As a freelancer writer you see that a lot when displaying your wares on the virtual street corners of the internet. It makes my skin crawl a bit sometimes because it seems all too reminiscent of signs that used to be displayed outside of boarding houses in the 1950s UK. These signs made fairly explicit statements about anybody brown or Irish. On message forums you occasionally see irate comments about this being racist and unfair. Usually they’re badly spelt enough to strengthen the point of the advertiser. So, do you need to hire only ‘native speakers’ for your copywriting, or should you consider broadening your horizons?
Having a Laugh
Well, if you want me to write in Polish or French I’ll give it a go for you, but the results would be disastrous. I don’t speak a word of Polish and my French is laughable. For this reason I don’t attempt to take on jobs in languages that I don’t speak. But language is way messier than that. For example the US, Australia, Canada and the UK all boast English as their first language; but I’m hard pressed sometimes to cope with American-ese. The thousands of miles of icy cold Atlantic are not the only things that separate us.
Right Words, Wrong Place
The market you’re selling in should define the type and native-ness, or otherwise, of the copywriter you hire to produce your sales copy. While it’s true to say that many people from across the globe can speak English perfectly well, they cannot always get it in the right order when it comes writing it down. The problem with web copy is that your audience will spot a mistake, or even a “foreign” accent a mile off. It’s a bit like ringing a distant call centre. You can have a perfectly civil conversation with someone in Bangalore about your mobile bill – and I frequently do – but try having a bit of a laugh with them. I think one of them fainted once, or had a stroke in an effort to go ‘off-script’ with me.
Language and understanding are intrinsically linked; colloquialism and cultural understanding form an integral part of it. If your business is dealing with a specifically national market, whatever that nation is, it makes sense to work with writers who understand not only the language, but also the culture that you’re selling to.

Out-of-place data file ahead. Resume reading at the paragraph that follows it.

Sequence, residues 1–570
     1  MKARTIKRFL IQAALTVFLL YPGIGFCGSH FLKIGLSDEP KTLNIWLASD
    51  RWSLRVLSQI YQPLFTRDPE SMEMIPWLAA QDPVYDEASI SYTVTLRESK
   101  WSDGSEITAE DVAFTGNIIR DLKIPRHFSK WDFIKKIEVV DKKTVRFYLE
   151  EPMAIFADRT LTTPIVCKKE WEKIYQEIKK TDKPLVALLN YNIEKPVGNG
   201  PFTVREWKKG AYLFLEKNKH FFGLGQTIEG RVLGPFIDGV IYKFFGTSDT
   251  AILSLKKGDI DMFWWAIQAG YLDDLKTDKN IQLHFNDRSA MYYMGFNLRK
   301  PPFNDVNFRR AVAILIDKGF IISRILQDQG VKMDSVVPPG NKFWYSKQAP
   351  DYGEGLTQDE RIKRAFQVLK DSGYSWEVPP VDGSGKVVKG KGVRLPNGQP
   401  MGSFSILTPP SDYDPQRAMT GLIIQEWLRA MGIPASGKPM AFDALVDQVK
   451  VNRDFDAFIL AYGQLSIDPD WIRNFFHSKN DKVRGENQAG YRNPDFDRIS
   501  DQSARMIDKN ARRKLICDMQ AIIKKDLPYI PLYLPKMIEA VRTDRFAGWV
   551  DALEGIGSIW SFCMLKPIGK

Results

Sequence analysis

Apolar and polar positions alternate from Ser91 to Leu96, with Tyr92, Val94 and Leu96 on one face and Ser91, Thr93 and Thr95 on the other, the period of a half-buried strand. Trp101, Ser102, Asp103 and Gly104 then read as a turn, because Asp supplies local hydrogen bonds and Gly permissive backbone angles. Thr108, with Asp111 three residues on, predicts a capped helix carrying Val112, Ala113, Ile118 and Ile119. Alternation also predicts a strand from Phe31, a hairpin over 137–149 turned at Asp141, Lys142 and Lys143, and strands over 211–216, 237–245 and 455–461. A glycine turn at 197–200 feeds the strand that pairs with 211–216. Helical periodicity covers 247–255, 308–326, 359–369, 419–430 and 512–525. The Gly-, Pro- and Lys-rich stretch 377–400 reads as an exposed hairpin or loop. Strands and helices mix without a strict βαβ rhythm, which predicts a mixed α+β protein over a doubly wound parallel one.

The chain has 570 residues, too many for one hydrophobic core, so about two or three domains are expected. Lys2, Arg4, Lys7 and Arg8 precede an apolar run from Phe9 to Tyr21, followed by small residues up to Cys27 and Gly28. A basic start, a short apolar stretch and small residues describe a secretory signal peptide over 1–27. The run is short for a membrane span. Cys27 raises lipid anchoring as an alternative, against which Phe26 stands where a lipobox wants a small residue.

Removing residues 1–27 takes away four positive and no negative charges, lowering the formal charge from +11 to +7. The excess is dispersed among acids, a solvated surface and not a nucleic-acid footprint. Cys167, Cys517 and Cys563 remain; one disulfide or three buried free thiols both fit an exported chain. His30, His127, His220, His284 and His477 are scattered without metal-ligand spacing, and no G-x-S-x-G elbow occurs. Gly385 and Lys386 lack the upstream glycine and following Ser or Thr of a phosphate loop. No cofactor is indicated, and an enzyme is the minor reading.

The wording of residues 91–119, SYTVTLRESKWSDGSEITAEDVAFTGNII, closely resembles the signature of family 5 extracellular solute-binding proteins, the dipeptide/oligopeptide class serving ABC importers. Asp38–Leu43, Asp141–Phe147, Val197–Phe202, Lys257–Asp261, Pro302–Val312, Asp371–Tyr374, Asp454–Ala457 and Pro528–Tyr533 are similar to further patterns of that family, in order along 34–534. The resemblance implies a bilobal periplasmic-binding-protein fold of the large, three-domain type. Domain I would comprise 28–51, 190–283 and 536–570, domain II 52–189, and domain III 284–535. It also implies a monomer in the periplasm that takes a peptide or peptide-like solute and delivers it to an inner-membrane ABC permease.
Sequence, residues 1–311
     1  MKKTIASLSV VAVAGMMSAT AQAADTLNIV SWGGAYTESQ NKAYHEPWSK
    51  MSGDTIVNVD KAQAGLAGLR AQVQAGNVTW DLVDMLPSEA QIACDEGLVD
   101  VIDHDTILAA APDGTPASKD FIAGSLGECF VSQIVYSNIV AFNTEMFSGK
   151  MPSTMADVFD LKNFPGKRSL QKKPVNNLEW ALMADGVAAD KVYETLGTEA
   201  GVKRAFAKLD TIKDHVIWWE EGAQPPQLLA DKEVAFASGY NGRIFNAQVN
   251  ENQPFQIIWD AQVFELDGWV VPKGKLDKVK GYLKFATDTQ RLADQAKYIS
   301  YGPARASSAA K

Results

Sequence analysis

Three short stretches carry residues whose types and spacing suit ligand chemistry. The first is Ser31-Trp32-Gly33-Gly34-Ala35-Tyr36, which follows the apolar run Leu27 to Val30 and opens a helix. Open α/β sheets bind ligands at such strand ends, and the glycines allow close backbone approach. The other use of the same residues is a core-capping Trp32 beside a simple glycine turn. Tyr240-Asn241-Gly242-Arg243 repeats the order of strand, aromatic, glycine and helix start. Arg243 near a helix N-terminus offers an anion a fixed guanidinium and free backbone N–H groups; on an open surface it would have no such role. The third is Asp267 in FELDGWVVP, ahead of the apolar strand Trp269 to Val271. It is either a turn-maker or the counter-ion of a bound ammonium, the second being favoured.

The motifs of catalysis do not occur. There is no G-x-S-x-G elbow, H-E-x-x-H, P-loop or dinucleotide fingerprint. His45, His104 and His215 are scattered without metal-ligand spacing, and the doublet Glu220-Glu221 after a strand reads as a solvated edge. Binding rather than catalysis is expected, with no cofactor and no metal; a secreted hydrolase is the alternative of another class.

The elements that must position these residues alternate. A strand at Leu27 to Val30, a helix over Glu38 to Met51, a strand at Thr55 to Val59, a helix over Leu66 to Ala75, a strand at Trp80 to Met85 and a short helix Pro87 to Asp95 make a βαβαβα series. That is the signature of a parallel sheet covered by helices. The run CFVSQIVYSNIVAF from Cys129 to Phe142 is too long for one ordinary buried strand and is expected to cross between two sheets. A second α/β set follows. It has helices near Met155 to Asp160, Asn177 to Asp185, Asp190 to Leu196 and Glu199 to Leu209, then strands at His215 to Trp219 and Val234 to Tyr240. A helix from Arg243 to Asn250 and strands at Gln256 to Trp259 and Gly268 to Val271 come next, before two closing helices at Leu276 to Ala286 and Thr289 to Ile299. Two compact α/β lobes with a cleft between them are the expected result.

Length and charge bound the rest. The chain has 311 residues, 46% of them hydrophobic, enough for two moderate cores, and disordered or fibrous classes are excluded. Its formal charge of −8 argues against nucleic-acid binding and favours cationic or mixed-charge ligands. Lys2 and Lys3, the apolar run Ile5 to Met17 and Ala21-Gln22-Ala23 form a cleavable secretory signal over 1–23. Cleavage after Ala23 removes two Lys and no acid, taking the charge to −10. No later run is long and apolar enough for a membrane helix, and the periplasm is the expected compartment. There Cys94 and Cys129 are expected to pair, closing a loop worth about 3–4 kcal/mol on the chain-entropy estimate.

Finding the Right Writer
There is a huge, highly competitive market out there. This is partly because a lot of people have been forced into working for themselves by the recession. It’s also because there is something of a belief that you can make a fortune working for yourself from the comfort of your own home. This attracts a lot of people who somehow manage to miss the word “working” when reading the phrase “working from home”. Additionally, ‘writing’ is often miss-perceived as being something anyone can do. There are some talented individuals amongst this market, but if you’re looking to hire a copywriter for the first time finding them may be harder than you think.
Copywriting agencies are usually the best place to start. An agency will normally have tried and tested its writers and know their strengths and weaknesses, along with their areas of expertise. Tone, style and technical abilities are all requirements that will differ depending on your product and your requirements. An agency will be able to match the writer that best fits your needs. The content on your site, your blog or your marketing materials needs to be provided by someone who speaks your language, or at least the language that your customers speak. While non-native speakers may offer great discounts there is a real danger that these low figures will also apply to your sales.
This is a guest post written by Chris Hoole. Searching for copywriting services has not been made easier than ever before by the internet. With a massive number or writers available, finding the right writer can be a fine art in itself.